Home' South Florida Gay News : SFGN 061715 Contents soflagaynews // SouthFloridaGayNews // SFGN.com // 6.17.2015 // 29
Pride is a funny concept, with both positive
and negative connotations. It goeth before a fall.
It makes a combustible pairing with prejudice.
The Marines, though few, lay claim to it. Pride
can be overweening. It can blind us to the needs
of others. But it can also remind us of what is
important in life: our children, our families, our
Personally, I'm proud I can make it through a
work day, arrive home in time for my son's school
bus, pry him away from video games and on to
homework, throw in a load of laundry (including
the dress shirt said son needs for his band concert
and that has somehow ended up in a heap on his
closet floor), do a few more hours of work myself,
and get dinner on the table for the family.
You know: getting through an average day like
many parents. Still, even though it's routine, we
shouldn't take it for granted. What better time
than Pride (which begins right between Mother's
Day and Father's Day) to be proud of our domestic
and parental accomplishments as well as our
What better time than the end of the school
year, too, to remind us to be proud of our children,
not just for their academic accomplishments,
but also for navigating the sometimes tricky
social waterways of school, friendships, and
extracurricular activities? I am proud of my son
all the time, but find that June, with its sense of
another year completed, is a good time to reflect
on that pride.
I hope my pride conveys simply that I am happy
for him whenever he perseveres or feels, himself,
a sense of accomplishment. Pride can, however,
segue into pushiness, with parents driving their
kids to excel---in school, in sports, in music or
other arts---in a stressful, unhealthy way.
As LGBT parents, we also have to curb our
pride before it makes us pressure our kids to be
perfect models of healthy, well-adjusted children
who don't reflect badly upon LGBT parents.
That's unrealistic and unnecessary.
Looking to the wider world, will our Pride
go before a fall when the Supreme Court rules
on marriage equality this month? No. I am
cautiously optimistic that the court will do the
right thing. Even if they don't, I think the trend
of public opinion is such that it is only a matter
of time before we have marriage equality one way
(judicial ruling) or another (legislative action).
And if they do rule in favor of equality, I am
hopeful that enough LGBT advocates realize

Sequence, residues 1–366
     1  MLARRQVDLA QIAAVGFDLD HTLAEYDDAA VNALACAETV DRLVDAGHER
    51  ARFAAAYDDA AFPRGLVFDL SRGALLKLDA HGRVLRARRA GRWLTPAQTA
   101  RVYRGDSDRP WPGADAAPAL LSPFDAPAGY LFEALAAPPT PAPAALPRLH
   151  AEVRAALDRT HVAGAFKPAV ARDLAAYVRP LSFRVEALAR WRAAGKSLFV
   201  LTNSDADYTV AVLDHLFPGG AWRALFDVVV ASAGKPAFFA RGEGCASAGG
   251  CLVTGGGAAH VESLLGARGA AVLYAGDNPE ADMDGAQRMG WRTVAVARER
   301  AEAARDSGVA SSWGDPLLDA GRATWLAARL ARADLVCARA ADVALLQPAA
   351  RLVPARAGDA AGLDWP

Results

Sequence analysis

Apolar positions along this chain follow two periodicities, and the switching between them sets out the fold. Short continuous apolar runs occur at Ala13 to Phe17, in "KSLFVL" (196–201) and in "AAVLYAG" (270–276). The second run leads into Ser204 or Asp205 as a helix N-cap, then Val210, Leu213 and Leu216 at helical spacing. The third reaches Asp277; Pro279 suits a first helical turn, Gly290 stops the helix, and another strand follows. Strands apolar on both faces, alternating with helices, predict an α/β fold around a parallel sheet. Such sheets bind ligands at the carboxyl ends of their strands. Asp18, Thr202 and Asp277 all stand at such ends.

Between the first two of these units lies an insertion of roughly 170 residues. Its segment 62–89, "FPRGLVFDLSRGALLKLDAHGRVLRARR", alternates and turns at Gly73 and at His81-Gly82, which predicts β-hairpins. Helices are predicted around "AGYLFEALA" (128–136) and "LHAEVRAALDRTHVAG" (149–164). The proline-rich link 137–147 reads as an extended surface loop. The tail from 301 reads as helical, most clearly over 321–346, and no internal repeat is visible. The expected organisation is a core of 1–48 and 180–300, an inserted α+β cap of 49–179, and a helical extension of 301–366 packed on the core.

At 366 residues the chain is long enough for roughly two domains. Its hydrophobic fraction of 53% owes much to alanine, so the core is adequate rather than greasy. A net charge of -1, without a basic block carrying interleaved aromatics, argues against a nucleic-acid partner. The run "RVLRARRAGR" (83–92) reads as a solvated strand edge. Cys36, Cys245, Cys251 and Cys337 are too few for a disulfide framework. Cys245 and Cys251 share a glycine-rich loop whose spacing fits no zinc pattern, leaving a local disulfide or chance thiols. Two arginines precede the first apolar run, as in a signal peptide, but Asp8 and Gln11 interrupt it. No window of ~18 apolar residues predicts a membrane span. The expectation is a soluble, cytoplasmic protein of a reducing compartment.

that marriage is not everything, that we still
have goals yet to be gained like equal parental
recognition, employment nondiscrimination,
and transgender equality. We can be proud of our
progress and still know there is more to do.
Now that I've written that paragraph, I hesitate,
suddenly not all that confident of the outcome.
The court could decide that same-sex couples
in any part of the U.S. can marry; it could take
an intermediate position that says states must
at a minimum recognize marriages of same-sex
couples performed elsewhere; or it could say we
have no guaranteed rights to either.
Which brings us to pride in our country. Will
I still be proud to be American if our Supreme
Court rules against equality? Yes. I won't be proud
of the justices who chose to do so, but I will still be
proud to be part of a nation that has people in it
like James Obergefell, the lead plaintiff, fighting to
be on the death certificate of his spouse, who died
from Lou Gehrig's disease (ALS).
I will be proud of plaintiffs April DeBoer and
Jayne Rowse, who first went to court not to marry,
but to secure adoption rights to their children. I
will be proud of the many other plaintiff couples,
mostly parents, who have dealt not only with the
hassle of a court case, but the inevitable media
intrusion upon their lives that such a high-profile
case brings with it.
I will also be proud that our country has
progressed to the point of debating a right like
marriage, rather than the legality of simply being
LGBT. I will be proud that our State Department
has been working to expand basic human rights
in countries where it is still a crime to exist as an
I will be proud of all the progress we have made
here at home, sometimes one family at a time,
to secure our bonds and provide our children
with protection and stability. I will be proud of
each and every LGBT person, their children, and
allies who have spoken out during their everyday
lives, at soccer games and grocery shopping, to
be visible or correct a misconception about LGBT
I will remain proud of my son, growing up to be
a responsible citizen of this country and learning
that while change may be slow, it can and does
happen by the effort of the people.
Democracy, like pride, has its good sides and its
weaker moments. Maybe I'm just fundamentally
an optimist, though, because I do believe in the
end, we're better with them than without. That
moral arc of the universe keeps on bending---and
this month, it looks like a rainbow. Happy Pride to
you and your families!
Dana Rudolph is the founder and publisher of Mombian (mombian.com),
a GLAAD Media Award-winning blog and resource directory for LGBTQ parents.
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